Celebrating Chinese New Year

With Haddon joining our family, we knew the importance of incorporating his Chinese culture into our family. We do this in a lot of little ways—with the foods we cook, the books we read, the news we pay attention to, the songs we listen to and the places we go, to name a few.

Of course, we started celebrating Chinese New Year.

Last year, we put up a few banners we had purchased in China and ordered takeout from our favorite Chinese restaurant in Milwaukee.

This year we upped our game a little bit. I read up a bit more on the traditions and their meaning (a lot of polytheistic folk religion) and we planned things out a little better. I know our celebration is but a shadow of how Chinese families celebrate, but we are an American family with mixed cultural heritage, including Chinese, and so this is our American Chinese New Year.

On the front door I hung our large Chinese knot. We hung the festive banners we brought back from China in the kitchen.

This past weekend, we hosted a little Chinese New Year play date with two other families with children adopted from China. One of the moms is from Hong Kong, so she led us in making about 150 dumplings. I lost track of how many dumplings Haddon ate, but it was a lot, and he hasn’t stopped asking about them since. Good thing I have a bunch in the freezer and now feel confident that I could make them again on my own.

For the play date, I printed out some Chinese New Year coloring pages for the kids. They kept my kids entertained in the ensuing days as well. I also let them practice using chop sticks by seeing if they could transfer almonds, M&Ms and popcorn kernels from one bowl to another.

I displayed our collection of Chinese books (some from the library) by the fireplace for the kids to peruse. “Emma’s American Chinese New Year” is a particularly good one for us since it’s about a little girl adopted from China (although the slant rhyming in it drives me crazy).

The kids made red paper lanterns and I hung those in our kitchen.

On Chinese New Year’s Eve (the night most families celebrate), we picked up Chinese food and had my sister and her family over for dinner. The kids wore traditional qipao outfits we had purchased in a variety of sizes when we were in China. Basically it was just a regular rousing dinner with family, with kids screaming and running in every direction.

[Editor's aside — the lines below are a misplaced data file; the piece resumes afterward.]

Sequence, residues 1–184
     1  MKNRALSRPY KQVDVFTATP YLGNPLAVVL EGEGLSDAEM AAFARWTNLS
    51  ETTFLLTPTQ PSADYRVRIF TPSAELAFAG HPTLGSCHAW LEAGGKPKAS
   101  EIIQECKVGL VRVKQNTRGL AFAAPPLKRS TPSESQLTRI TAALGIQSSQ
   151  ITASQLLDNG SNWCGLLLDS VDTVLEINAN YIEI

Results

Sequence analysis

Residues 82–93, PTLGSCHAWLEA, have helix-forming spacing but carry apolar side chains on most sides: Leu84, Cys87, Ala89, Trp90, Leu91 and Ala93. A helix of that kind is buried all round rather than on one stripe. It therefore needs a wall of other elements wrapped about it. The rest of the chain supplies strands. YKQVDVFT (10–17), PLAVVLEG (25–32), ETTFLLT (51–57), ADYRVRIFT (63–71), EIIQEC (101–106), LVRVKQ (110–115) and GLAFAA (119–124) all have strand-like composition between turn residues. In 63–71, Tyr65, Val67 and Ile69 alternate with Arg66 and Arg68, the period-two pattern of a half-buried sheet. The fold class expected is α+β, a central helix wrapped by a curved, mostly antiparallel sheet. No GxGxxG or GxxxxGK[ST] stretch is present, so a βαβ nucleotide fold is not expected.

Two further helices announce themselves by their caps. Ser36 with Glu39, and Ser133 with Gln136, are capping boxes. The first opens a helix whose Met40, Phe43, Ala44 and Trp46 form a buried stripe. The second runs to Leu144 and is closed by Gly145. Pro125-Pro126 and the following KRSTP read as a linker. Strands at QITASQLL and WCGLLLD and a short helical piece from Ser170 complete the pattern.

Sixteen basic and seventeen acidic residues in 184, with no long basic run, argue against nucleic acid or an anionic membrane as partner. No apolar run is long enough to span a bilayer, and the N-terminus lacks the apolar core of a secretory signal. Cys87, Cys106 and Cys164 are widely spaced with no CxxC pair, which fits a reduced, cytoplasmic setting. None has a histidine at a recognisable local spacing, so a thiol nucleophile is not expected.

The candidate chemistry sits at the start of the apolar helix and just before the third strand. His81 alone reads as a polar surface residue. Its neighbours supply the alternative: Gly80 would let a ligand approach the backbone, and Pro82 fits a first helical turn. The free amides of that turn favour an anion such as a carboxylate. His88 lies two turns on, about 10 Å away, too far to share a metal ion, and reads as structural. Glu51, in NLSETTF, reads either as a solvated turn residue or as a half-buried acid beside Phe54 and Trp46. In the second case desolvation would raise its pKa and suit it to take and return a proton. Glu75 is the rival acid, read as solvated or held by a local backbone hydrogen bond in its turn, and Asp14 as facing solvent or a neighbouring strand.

Before bed, I gave the kids lucky money in red envelopes—$2 each. Even numbers except the number four are good luck, and the price of a candy bar is supposed to be an appropriate amount. I wouldn’t pay $2 for a candy bar, but wanted to keep it even (also, really each adult is supposed to individually give each kid lucky money).

Two things I forgot about but had wanted to do—give the kids Mandarin oranges and do sparklers or party poppers. There’s always next year.

This weekend we’re planning on checking out a community Chinese New Year event at our local high school.

And that’s that! It’s been a fun week so far celebrating Chinese traditions and ringing in the Year of the Pig.

Berenstain Bears Halloween costumes

We did another full-fledged family costume this year for Halloween. Last year it was Jake and the Neverland Pirates. This year: Berenstain Bears (yes, that’s how it’s always been spelled).


Corban discovered the Bear family thanks to the extensive collection of books my parents have from when I was a kid, and these past few months we have been compelled to read multiple Berenstain Bears books a day. You can’t get away with shortcuts with Corban either—he notices if you skip so much as a sentence.

This is a good thing, though: good moral lessons, childhood reminiscence, enjoyable storylines. Naturally, Corban draws connections between the Bear family and our own family of four. He is Brother Bear, Mara is Sister Bear.

So despite a new Star Wars obsession that has them plotting next year’s costumes already, they were excited to dress up as the Bear family for Halloween.

You can’t just go out and buy a Berenstain Bears costume (I looked and came up empty), so we had to get a little bit creative.

Thankfully, I came across this Etsy shop, which sells handmade embroidered Berenstain Bears masks. They only come in kids sizes, so they looked slightly off on Peter and me, but they were perfect for the kids. Without these masks the costumes would have been really obscure, especially since the Berenstain Bears are not normal-looking bears.

Brother Bear was the easiest: blue sweatpants and a red long-sleeve polo (found at Old Navy).


Papa Bear was simple, too: Overalls and a yellow plaid shirt.

My original plan for Mama Bear was to buy a blue nightgown and paint white polka dots onto it, but upon realizing how expensive even the most basic long-sleeve nightgowns and dresses are (at least the ones that I could find), my mom offered to sew me a dress. She has years of sewing experience and has made many Halloween costumes throughout my life, and I’m grateful for her expertise and eagerness to help! She used blue polka-dot fleece fabric and modified a basic dress pattern, adding a white collar.

Sister Bear was my project. For her shirt, I just used fabric paint to paint pink polka dots onto an old long-sleeve shirt of Corban’s. I could have bought a pair of regular pink overalls, but Sister’s overalls are slightly different—they have scalloped straps and a straight line across the front and back (no bib). So after hunting around unsuccessfully, I got inspired by something I saw on how to turn an old pair of jeans into shorts overalls.


I bought two pairs of pink fleece sweatpants (thank you, Walmart) and went to town. First, I cut two rectangles out of one leg of one of the pairs of pants in order to bring the waistline up to nearly chest-height. I sewed those two pieces together then sewed them to the waist of the other pair of pants.